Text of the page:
We all want to know whether our incentive programs work well, but we often lack quality data to make that assessment. This post describes some basic sources for collecting data to help economic developers monitor compliance and determine effectiveness.
Information from the incentivized company
- Application – The application process provides an opportunity to obtain information you need to establish a baseline and define projected levels for the results (jobs, wage levels, investment, other) you are trying to achieve.
- Reporting – Requiring companies to provide regular reports on major milestones for specific results is the most direct method of obtaining data. Keeping reports simple, online, and integrated into a database or CRM system helps manage the data so it is useful for both monitoring and external reporting.
- Surveys – Good surveys can be difficult and expensive to implement but may be useful for obtaining supplemental data not collected through regular reports.
- Site visits – Visiting a site to verify implementation and identify “observable impacts” is a good option for real estate, community development, and infrastructure projects.
- Audits – Some incentive programs require audits to certify expenditures and compliance prior to providing payments.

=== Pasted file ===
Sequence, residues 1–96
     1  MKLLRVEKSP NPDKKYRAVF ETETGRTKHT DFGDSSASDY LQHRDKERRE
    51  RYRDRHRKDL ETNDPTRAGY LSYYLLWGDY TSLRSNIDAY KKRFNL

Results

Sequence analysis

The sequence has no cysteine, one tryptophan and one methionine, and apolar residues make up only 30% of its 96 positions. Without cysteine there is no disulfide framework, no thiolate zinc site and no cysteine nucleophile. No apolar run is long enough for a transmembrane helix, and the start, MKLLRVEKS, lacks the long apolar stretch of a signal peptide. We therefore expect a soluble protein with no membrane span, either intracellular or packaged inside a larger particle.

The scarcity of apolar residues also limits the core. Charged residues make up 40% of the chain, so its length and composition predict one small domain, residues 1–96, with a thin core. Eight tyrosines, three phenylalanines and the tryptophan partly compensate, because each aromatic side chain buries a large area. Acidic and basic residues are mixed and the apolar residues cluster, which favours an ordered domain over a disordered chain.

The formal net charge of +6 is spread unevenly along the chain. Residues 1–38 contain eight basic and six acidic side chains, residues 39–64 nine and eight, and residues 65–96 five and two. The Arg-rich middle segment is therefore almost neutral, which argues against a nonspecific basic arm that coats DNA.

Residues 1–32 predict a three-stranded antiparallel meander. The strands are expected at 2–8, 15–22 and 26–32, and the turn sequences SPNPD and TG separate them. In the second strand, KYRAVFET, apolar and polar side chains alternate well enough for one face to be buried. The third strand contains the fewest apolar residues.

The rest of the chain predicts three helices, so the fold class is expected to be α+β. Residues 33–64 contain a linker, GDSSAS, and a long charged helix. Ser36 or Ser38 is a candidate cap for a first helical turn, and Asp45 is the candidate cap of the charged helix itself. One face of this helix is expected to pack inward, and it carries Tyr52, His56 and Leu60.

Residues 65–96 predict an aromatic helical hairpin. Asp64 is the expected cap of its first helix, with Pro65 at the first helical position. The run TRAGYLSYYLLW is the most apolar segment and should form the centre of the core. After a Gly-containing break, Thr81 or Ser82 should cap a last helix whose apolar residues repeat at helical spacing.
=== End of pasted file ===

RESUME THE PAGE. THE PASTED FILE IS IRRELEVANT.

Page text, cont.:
State administrative records
Workforce data – Economic developers can seek access to select state data from unemployment insurance agencies or labor market information entities on employment and wages in order to validate company-reported information. See the CREC report “Balancing Confidentiality and Access: Sharing Employment and Wage Data for Policy Analysis and Research” for great guidance on how to overcome challenges that inhibit data sharing among agencies.
Tax/revenue – Administration of tax-based incentives is often divided between the economic development organization and the department of revenue or taxation, which can mean neither party has all the information it needs to monitor use and compliance. While legal barriers exist to full data-sharing, states typically have some flexibility in enabling limited data-sharing for purposes of administering and monitoring incentives while still protecting taxpayer confidentiality.